Congress and President Trump took dead aim at seniors and younger people with disabilities this week. First, Congress voted to cut or freeze funding for key federal senior service programs. Then the House passed its bill to replace the Affordable Care Act—a measure that would make health insurance unaffordable for many people aged 50-64, allow insurance companies to sell policies that exclude important benefits for  people with chronic conditions, and slash Medicaid spending for those who need long-term supports and services.

There were also a few relatively bright spots. In a spending bill that will keep the government running through September, Congress increased spending for subsidized housing for the elderly, approved small, largely symbolic increases in senior nutrition programs such as Meals on Wheels, and saved two other programs that help local communities fund senior services. In all, while it could have been worse, it was pretty awful.

Here are the lowlights:

Health insurance:  President Trump has repeatedly promised a health system that would cover all Americans, but congressional Republicans had a different idea: to lower premiums for private insurance as much as possible. The House bill would do that by directly boosting prices for those 50-64, thus driving many of them out of the insurance market and cutting costs for those who are younger and healthier. It would also give states the authority to let insurance companies boost premiums even more for older people or those with pre-existing conditions.  States could also let insurers sell low-cost policies that provide slimmed-down benefits.  For instance they could sell policies that exclude prescription drugs or rehab services, limiting their value to older buyers.  The bill would give states money to run high risk pools for those who cannot buy private insurance, but these have failed in the past. It remains to be seen whether additional funding in the House bill would improve the pools.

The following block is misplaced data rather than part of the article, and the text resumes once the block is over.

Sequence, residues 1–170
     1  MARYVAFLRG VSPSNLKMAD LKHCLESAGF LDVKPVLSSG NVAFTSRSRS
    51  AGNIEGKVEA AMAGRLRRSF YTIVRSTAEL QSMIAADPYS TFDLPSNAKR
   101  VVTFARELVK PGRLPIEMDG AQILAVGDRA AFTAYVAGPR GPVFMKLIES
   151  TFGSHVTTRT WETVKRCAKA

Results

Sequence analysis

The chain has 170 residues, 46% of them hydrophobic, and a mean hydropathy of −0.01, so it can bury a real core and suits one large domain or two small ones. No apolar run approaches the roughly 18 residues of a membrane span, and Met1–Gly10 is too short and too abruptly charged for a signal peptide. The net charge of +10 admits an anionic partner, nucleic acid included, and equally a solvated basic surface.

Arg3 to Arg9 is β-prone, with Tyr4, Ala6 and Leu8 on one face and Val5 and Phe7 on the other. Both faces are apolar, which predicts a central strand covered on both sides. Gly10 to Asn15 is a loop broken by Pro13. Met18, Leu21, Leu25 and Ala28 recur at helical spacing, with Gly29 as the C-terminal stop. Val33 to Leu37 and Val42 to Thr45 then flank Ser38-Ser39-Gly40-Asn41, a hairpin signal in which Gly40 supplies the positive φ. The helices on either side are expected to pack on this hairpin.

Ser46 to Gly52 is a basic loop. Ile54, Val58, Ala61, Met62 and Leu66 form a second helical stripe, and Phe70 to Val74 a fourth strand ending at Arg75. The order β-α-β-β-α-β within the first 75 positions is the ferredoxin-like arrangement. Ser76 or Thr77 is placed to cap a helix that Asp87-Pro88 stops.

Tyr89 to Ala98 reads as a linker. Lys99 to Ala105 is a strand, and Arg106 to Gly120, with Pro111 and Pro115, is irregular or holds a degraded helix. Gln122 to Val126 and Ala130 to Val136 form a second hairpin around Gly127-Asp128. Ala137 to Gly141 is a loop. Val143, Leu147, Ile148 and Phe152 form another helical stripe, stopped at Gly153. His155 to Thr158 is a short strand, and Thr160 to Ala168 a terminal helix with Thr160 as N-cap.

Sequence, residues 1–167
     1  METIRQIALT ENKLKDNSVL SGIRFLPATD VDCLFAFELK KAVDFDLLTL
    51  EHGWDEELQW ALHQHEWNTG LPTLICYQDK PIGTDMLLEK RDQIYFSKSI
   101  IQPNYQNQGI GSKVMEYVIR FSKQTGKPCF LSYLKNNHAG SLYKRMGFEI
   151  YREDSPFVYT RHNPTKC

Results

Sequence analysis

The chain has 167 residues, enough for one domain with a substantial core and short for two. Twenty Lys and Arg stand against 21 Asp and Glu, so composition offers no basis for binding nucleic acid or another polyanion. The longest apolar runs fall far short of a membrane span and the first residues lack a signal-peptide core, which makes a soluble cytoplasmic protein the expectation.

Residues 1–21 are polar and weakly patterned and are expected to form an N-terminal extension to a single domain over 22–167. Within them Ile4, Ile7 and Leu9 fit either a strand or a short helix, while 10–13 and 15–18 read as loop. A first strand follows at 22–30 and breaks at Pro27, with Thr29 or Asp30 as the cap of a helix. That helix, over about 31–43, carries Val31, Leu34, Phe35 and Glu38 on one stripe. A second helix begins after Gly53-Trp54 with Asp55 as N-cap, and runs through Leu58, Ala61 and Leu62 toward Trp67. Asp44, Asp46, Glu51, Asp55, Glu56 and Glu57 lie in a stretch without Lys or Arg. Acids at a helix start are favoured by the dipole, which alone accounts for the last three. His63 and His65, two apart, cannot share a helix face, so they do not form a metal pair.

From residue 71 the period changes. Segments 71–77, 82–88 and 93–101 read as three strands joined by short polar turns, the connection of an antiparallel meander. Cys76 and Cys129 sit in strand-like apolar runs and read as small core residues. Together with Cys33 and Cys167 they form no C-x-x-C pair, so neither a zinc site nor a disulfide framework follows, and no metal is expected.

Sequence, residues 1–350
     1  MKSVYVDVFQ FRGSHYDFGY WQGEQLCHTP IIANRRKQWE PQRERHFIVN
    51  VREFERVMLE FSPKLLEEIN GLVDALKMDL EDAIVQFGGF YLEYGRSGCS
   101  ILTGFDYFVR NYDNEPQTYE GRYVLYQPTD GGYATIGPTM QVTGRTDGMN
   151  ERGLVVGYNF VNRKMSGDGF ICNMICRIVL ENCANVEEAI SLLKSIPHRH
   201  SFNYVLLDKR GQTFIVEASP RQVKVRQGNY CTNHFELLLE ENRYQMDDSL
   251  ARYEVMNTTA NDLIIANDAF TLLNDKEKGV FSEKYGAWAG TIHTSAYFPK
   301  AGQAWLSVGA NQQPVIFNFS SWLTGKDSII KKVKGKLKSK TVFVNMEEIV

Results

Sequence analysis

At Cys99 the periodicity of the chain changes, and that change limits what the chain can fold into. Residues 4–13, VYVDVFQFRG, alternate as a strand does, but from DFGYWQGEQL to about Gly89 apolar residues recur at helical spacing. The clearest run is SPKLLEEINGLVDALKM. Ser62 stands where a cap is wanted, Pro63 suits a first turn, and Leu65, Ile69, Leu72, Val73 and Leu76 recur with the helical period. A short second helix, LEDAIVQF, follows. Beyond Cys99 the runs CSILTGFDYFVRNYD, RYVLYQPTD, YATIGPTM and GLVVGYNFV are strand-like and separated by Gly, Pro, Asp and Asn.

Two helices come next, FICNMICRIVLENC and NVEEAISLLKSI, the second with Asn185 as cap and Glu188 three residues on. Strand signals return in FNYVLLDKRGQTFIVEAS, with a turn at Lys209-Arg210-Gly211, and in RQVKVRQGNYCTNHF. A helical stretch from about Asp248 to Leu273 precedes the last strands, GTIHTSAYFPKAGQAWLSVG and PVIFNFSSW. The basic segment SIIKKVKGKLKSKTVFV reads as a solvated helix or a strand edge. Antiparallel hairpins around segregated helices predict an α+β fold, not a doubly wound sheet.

Medicaid: The House bill would slash the federal contribution to Medicaid—the federal program that provides critical long-term supports and services to about 6 million seniors and 10 million younger people with disabilities. The House bill would cut the federal contribution to Medicaid by about $900 billion over the next 10 years. Because the cuts are phased in, by 2026 the bill would reduce the federal share of the program by 20 percent. It would give states more flexibility in the way they serve frail seniors, but without the funding the program—and those who rely on it—would be much worse off.

Senior services: At the same time the House was cutting health coverage and Medicaid benefits, Congress was also approving a budget bill for the rest of 2017. President Trump had proposed severe reductions in overall domestic spending to help fund his border wall and increases in military spending. Congress rejected most of those cuts, but not all of them. And senior services took a hit.

In the end Congress froze—but did not cut– funding for most programs, continuing a decade-long trend. However, a few suffered significant cuts. The State Health Insurance Assistance Program (SHIP), which helps guide seniors through the complexities of Medicare, Medicaid and private insurance, was cut by 10 percent. The Senior Community Service Employment Program (SCSEP), which helps unemployed older adults get jobs with local non-profits, was cut by 8 percent.

Meals on Wheels: Congress ok’d largely symbolic increases (less than one percent) in federal nutrition programs such as Meals on Wheels. You may remember the firestorm last month when Trump proposed cutting a local grant program that helped support the meals programs. In the end, Congress saved the grant program and boosted direct funding for the nutrition program, though not by enough to shrink the waiting lists in some communities.

A bit of other good news: Congress boosted funding for two important senior housing initiatives, counseling assistance and the Section 202 subsidy program, which helps private developers finance housing for low-income seniors. The Sec. 202 program got $70 million more than last year, about a 16 percent increase. The other good news: The Senate is likely to scale back some of the most draconian provisions of the House health bill.

And now the bad news:  Pressure on federal spending will only rise in the coming year, especially if Congress and President Trump get the huge tax cut they are pushing. While Congress saved most senior services programs this year, they will be under even greater pressure next year.